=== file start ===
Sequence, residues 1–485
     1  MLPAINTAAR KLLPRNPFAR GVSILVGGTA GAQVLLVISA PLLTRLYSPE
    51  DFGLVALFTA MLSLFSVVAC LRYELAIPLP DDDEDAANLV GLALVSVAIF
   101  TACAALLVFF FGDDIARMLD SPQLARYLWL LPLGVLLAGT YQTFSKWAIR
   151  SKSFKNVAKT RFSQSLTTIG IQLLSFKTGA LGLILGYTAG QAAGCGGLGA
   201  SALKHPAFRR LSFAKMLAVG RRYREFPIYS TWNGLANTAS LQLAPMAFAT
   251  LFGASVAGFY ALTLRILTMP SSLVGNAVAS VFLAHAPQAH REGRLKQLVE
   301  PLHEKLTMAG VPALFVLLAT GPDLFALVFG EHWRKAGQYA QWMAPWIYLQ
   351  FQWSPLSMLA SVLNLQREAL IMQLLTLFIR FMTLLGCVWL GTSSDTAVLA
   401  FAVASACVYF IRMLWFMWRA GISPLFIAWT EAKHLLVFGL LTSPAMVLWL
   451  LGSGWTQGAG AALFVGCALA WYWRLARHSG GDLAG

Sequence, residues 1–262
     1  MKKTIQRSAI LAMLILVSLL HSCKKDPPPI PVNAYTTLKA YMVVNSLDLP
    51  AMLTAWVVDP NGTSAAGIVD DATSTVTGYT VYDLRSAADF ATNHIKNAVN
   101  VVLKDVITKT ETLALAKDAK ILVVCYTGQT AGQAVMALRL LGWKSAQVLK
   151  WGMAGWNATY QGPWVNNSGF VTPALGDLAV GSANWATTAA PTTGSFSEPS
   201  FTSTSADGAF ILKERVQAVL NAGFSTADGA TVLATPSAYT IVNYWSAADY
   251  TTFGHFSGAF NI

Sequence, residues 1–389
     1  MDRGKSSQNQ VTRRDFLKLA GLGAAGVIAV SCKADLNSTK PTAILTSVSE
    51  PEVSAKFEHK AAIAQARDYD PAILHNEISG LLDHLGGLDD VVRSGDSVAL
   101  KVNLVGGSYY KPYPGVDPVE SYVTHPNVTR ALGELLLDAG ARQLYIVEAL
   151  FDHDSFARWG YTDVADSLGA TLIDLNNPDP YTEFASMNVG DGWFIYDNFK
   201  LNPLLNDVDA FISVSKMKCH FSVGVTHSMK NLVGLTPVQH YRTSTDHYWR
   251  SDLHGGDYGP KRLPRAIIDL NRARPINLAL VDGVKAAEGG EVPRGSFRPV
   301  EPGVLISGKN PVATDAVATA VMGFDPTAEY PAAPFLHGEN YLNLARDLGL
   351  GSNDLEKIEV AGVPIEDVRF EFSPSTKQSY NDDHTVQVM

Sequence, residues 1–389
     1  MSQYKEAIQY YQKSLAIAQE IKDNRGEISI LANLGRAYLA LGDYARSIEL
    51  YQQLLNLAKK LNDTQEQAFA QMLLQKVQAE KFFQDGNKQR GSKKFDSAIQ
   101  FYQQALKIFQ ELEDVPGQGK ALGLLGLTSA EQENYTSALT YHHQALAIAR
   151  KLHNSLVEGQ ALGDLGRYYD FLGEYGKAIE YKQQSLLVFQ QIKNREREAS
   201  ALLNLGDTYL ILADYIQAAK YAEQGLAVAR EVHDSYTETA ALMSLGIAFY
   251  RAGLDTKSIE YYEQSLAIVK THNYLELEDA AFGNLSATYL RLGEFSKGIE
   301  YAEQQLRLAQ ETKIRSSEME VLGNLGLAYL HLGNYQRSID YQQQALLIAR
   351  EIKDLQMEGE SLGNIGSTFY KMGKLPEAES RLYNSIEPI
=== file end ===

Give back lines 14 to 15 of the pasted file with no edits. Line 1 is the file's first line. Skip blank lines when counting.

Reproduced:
    51  AMLTAWVVDP NGTSAAGIVD DATSTVTGYT VYDLRSAADF ATNHIKNAVN
   101  VVLKDVITKT ETLALAKDAK ILVVCYTGQT AGQAVMALRL LGWKSAQVLK